I Made A New Year’s Resolution To Lose 100-Pounds And I DID IT — Here Are The Life-Changing Lessons I Learned
New Year’s is always an exciting time. It’s a time ripe with hope and the overwhelming relief of starting anew. Most people enter January with certain goals in mind. Kind of like the ultimate Monday, the first of the year seems like the perfect day to finally get started with whatever resolution you may have chosen.
If you ask 100 different people their individual resolution, you’d get more than a handful of different answers. But, far and away, the most common goal is almost always, “getting (back) into shape.” In fact, if you’re reading this, there is a good chance you may be partaking in that exact goal.
With New Year’s having come and gone we are starting to get into a very important stretch. While the vast majority of people begin the year with a big fitness goal in mind, roughly the same amount bail on that goal within the first few weeks.
Rather than writing another boring article about why you should keep chasing that goal, I’m going to tell you about the things you’ll learn if you do achieve that goal.
But before I do that, let me introduce myself:
Hi, my name is Nick.
But more importantly, I’m a 100 pound loser, a multi-time New Year’s resolution failure, and an eventual New Year’s SUCESS.
Let me tell you a few lessons I learned while finally succeeding with my “resolutions.” Things learned via fitness that go a bit deeper and end up transcending the “fitness” tagline. Things that you will learn too. At least if you chose to do so.
#1. Changing your life starts with “Why”
This is the big one. (That’s what she said)
This is where many people starting their fitness journey tend to slip up. We know the basics: We know we want to lose weight, to look better, to feel great.
And while we know we want these things. We really do not know why we want them. Not exactly, anyways.
The harsh truth is that (sometimes) working out can really suck. There will be days where you aren’t motivated. And there will be days where you’ll want to hit that snooze button eighteen times too many. These are the days that count, these are the days that decide whether or not you’ll succeed long term. And the only real way to overcome these days is to have a strong and specific goal.
A reason why.
Find a reason that makes these shitty workouts worth it. Because if your reason for getting out of bed isn’t stronger than the discomfort you feel — you will fail. Losing weight sounds better than late night taco bell. And getting jacked sounds WAY better than sitting at home Snap-chatting our lives away. But, when it comes down to it, we very often choose the latter. Not because we value it more, but because we lack an understanding of exactly why we want to lose weight or look better.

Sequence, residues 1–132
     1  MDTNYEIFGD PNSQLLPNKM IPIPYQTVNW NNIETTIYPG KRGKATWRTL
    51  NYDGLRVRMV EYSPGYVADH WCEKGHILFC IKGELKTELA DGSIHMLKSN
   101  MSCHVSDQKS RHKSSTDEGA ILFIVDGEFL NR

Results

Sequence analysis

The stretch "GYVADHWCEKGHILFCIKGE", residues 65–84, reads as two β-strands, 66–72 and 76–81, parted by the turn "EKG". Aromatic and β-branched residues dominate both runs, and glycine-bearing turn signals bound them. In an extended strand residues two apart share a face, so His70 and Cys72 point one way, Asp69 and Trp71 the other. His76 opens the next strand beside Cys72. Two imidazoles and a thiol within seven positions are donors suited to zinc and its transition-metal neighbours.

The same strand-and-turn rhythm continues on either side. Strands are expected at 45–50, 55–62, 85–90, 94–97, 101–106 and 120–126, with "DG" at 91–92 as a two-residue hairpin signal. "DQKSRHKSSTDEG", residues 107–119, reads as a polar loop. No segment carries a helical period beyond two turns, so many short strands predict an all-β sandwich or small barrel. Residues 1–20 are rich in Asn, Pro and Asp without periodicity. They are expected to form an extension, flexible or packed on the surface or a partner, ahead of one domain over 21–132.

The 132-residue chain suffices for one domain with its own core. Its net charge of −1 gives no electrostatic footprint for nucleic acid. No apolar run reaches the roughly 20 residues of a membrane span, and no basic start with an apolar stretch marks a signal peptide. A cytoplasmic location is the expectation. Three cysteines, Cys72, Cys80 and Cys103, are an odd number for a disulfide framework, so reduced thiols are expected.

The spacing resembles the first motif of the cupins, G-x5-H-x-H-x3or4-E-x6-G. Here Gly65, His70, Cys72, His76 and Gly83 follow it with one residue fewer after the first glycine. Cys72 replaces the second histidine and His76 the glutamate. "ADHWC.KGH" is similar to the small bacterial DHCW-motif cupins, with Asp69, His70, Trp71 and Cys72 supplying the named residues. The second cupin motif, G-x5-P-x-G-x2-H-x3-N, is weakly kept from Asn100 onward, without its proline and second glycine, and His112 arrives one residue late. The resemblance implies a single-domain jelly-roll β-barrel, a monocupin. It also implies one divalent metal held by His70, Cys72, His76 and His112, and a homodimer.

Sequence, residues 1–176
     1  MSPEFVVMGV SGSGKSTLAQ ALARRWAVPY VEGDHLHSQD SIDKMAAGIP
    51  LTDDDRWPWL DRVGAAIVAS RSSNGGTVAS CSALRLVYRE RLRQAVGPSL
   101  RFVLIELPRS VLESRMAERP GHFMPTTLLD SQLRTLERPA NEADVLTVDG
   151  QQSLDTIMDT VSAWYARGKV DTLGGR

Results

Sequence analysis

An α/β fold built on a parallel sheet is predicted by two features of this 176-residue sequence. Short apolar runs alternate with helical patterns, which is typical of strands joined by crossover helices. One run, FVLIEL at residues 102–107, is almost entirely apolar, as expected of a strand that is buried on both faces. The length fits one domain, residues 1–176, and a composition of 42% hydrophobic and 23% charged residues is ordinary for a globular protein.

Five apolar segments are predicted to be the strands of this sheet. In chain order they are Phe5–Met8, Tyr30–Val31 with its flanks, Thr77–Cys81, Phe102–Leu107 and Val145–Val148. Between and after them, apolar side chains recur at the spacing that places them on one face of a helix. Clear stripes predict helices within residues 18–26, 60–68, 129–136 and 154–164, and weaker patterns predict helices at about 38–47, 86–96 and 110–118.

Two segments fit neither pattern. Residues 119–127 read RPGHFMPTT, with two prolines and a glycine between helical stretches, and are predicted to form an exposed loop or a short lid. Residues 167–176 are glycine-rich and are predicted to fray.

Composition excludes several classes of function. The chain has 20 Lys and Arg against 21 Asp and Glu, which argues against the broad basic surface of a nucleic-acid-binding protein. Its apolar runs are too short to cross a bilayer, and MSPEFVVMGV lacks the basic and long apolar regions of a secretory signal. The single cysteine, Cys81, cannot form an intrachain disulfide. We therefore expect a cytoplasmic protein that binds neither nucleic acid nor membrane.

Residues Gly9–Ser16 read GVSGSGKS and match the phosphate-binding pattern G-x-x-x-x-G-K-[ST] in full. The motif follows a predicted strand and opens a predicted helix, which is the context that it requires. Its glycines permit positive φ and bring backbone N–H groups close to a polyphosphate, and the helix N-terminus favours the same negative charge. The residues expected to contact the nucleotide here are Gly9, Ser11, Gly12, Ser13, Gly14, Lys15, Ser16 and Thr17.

Bro Tip: This applies to more than just fitness.
Getting your degree (shoutout to my fellow 7th year seniors) sounds better than spending your “study” nights as a drunken mess; pissing in your bed and sleeping on your toilet. But once again our actions speak otherwise.
So in order to succeed, you first must find your why.
Maybe you want to be the first person in your family to graduate college. Or… Maybe you just want to impress the cute co-ed down the hall (Yo 0823, I’m still waiting for that call).
Find the reason you want that degree. Find the reason you want to change your body. Whatever your reason is; find that shit.
#2. When Starting: There is No Such Thing as Bad Motivation
In the arch of any good storyline, a hero receives what is called, “a call to action.” This is simply something that spurs our hero into action; setting them on their path to glory and greatness. In fitness (and life) you’ll likely receive something similar that causes things to “click” inside your head. An event that makes you realize you need to do something.
Sometimes they can be pretty simple, like catching yourself at an unflattering angle in your mirror (or just seeing yourself in the mirror at all). And other times they can be a bit more dire, like a doctor telling you that your health is at risk.
Mine, while a bit different, went something along the lines of:
“I like you… but, only as a friend”